Paul and John, another Sharon recommendation, Goliath was outstanding! I binged watched it in 24 hours, which is unheard of for me. Episode 2 or 3 ended with a bang, one of those twists we didn't see coming. My only disappointment was that Stoltz departed this mortal coil much too soon. Every woman in it was interesting in her own way, carving out rôles and stamping their personalities on them.

B.K. Stevens said...

Thanks for the lively, entertaining review, Leigh. I can't say you've tempted me to read Behind the Door--no matter how good the payoff may be, the trudge to get there sounds long, dreary, and irritating. But you have (with some help from Paul and John) tempted me to watch Goliath. I may check it out, if my husband agrees. (He probably will. He's an agreeable fellow--that may be why I'm not more drawn to Horrible Husband narratives.)

Barb Goffman said...

We have a store?! I've always wanted my own Leigh voodoo doll. (P.S. Nice review.)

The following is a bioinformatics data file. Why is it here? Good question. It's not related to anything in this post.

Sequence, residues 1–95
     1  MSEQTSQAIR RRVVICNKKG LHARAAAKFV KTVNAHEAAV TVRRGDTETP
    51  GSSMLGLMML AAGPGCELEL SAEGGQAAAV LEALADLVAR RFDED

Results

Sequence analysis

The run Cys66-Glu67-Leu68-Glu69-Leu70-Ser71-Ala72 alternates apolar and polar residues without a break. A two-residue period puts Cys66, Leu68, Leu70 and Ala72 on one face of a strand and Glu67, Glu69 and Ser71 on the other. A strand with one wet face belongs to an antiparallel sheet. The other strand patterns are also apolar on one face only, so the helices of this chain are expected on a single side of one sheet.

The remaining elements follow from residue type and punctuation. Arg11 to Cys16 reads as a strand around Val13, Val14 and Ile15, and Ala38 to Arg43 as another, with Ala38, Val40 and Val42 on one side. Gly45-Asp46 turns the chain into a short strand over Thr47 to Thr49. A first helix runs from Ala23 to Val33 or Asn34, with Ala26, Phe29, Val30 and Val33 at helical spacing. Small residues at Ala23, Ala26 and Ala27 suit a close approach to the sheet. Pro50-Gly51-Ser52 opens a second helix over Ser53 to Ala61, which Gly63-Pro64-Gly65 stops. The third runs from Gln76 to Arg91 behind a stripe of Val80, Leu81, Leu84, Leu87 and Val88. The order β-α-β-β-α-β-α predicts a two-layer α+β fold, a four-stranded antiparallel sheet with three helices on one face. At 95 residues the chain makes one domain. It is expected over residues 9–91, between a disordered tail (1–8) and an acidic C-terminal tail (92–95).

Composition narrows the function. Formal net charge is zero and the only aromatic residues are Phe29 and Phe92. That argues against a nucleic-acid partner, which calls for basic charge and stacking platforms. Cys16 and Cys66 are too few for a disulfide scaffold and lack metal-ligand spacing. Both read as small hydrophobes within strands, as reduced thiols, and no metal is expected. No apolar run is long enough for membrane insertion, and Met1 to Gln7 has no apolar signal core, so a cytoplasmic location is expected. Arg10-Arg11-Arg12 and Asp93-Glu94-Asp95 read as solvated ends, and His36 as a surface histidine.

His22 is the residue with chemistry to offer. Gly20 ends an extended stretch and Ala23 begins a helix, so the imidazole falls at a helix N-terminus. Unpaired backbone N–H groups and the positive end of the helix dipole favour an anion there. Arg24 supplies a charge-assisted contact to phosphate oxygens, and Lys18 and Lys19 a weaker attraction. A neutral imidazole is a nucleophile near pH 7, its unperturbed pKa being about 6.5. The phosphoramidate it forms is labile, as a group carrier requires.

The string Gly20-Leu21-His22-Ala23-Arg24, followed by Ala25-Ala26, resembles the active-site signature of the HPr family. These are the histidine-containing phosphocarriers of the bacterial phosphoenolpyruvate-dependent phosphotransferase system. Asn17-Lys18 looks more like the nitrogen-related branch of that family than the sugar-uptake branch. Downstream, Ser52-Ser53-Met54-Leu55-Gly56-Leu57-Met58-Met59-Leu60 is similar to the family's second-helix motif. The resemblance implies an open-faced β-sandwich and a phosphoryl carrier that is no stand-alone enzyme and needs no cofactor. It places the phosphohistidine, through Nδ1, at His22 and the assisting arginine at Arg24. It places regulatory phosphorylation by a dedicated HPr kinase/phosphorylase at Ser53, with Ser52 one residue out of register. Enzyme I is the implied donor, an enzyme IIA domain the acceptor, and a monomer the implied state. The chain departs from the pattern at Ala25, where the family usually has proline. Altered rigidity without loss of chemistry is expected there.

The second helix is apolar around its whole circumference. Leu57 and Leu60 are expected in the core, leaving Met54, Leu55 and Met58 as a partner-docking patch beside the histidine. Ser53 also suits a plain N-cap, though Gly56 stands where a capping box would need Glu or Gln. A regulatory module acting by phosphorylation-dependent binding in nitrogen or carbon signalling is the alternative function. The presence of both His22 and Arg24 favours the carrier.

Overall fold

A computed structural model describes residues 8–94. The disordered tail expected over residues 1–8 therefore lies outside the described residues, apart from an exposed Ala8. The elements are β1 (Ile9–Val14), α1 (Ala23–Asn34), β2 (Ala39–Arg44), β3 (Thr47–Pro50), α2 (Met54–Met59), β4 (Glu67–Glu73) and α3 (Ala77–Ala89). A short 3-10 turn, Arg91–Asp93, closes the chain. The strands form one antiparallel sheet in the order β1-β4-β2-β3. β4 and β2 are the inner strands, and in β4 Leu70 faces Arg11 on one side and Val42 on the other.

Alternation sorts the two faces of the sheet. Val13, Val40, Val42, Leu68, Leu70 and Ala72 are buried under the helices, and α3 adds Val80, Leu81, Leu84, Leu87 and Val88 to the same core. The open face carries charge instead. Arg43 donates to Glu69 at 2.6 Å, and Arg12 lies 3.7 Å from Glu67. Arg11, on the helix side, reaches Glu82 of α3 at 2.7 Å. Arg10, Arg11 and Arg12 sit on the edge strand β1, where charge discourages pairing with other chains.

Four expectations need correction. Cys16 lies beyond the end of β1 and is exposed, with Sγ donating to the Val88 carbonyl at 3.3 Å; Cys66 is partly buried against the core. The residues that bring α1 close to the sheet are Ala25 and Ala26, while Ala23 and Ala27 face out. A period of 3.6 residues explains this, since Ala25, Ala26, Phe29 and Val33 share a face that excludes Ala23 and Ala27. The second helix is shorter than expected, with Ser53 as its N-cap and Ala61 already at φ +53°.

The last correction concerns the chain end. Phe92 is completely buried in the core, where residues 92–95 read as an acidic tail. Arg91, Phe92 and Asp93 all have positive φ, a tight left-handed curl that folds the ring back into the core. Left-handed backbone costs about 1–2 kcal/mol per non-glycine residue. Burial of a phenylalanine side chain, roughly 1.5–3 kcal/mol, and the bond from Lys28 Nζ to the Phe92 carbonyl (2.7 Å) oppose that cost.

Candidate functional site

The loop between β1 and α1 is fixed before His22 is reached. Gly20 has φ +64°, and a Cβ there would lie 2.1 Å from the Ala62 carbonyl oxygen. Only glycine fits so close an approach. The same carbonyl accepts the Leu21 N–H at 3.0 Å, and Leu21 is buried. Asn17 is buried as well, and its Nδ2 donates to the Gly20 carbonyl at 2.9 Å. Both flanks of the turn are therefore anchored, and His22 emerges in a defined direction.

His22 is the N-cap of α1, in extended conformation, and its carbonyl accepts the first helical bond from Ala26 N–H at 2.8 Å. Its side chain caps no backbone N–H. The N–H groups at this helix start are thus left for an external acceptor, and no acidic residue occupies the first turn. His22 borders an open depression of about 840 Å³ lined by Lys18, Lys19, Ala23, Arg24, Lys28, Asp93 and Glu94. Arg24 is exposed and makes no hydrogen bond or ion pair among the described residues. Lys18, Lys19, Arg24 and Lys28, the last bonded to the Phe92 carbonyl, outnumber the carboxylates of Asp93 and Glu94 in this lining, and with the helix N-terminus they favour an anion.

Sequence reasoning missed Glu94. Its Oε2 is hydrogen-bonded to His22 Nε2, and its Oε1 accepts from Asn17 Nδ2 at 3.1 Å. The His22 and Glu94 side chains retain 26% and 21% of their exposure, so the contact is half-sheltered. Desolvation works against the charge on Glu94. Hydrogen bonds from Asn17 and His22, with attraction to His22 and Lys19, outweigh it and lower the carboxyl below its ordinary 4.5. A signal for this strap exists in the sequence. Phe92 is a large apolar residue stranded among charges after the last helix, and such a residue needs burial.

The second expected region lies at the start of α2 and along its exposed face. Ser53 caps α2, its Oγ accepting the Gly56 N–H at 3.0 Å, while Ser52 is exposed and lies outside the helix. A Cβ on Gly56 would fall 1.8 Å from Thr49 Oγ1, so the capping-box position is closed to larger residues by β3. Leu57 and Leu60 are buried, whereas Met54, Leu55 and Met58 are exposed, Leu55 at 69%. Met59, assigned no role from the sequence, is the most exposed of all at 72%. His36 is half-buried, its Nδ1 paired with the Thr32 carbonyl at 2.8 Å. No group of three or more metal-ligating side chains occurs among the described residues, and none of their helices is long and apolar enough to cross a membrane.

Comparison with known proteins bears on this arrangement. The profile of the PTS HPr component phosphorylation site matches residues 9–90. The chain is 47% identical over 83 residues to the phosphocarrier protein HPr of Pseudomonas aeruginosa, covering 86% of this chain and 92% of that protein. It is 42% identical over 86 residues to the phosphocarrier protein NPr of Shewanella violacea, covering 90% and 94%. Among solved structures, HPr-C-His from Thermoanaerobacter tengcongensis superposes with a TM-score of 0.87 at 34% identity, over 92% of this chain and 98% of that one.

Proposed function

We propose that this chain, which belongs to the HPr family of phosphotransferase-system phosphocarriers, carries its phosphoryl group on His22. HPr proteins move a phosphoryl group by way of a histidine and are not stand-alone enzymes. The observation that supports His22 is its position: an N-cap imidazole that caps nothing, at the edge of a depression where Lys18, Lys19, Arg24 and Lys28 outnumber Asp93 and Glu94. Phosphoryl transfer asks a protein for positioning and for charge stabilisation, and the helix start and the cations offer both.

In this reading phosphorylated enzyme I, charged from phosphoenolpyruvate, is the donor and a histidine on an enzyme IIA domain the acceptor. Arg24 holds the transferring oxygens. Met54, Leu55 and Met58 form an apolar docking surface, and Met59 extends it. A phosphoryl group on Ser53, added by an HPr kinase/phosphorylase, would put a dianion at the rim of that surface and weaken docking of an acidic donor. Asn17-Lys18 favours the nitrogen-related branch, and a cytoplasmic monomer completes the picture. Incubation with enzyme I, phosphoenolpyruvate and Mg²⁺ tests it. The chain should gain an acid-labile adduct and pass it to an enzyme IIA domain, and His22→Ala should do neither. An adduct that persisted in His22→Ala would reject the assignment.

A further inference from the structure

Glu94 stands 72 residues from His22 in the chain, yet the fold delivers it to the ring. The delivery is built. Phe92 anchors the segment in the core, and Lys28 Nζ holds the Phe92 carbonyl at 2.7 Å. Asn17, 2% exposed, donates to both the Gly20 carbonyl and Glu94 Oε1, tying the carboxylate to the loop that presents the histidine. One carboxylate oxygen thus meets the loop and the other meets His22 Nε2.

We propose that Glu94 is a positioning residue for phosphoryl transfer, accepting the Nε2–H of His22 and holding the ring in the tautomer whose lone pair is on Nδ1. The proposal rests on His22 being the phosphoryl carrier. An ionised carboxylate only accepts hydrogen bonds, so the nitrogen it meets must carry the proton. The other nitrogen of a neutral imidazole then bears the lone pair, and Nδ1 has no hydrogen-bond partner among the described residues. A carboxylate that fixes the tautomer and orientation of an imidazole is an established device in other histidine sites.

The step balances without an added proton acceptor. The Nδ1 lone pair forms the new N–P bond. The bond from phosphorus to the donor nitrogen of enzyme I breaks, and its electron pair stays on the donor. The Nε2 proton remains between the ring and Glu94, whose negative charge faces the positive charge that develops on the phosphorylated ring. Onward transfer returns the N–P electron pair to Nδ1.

Leigh Lundin said...

Bonnie, way to go! Goliath is definitely a terrific choice!

Barb, I've been wondering where those sharp pains were coming from!

I notice the SleuthSayers Store keeps selling out of the Barb and Bonnie dolls. They're too cute!

A Broad Abroad said...

Johnny-come-lately’s sister here. With so many books on my to-read list, I don’t feel inclined to offer the author 160 pages-worth of my time just to get into the story. So, thanks, but no thanks.

Aubrey Hamilton said...

I very much appreciate the review but I will pass. My reading time is too limited to devote it to a book I can already tell (from your excellent review) that I will not like. Hence, one of the reasons I read reviews!

Jan Grape said...

I won't read it either. I can't stand down-trodden female characters. If the husband is that rotten then get a gun and shoot the bastard on page 75. Then give me the rest of the book about how to get away with murder or tell me a good legal story about how the trial goes. Just saying.
An added note: He said, she said is all that's need 99.9 % of the time. Good dialogue writing really needs the back and forth between the characters. Maybe a small action in between. Read Gregory McDonald. The man goes for pages without ever saying who is talking but you know all along who it is.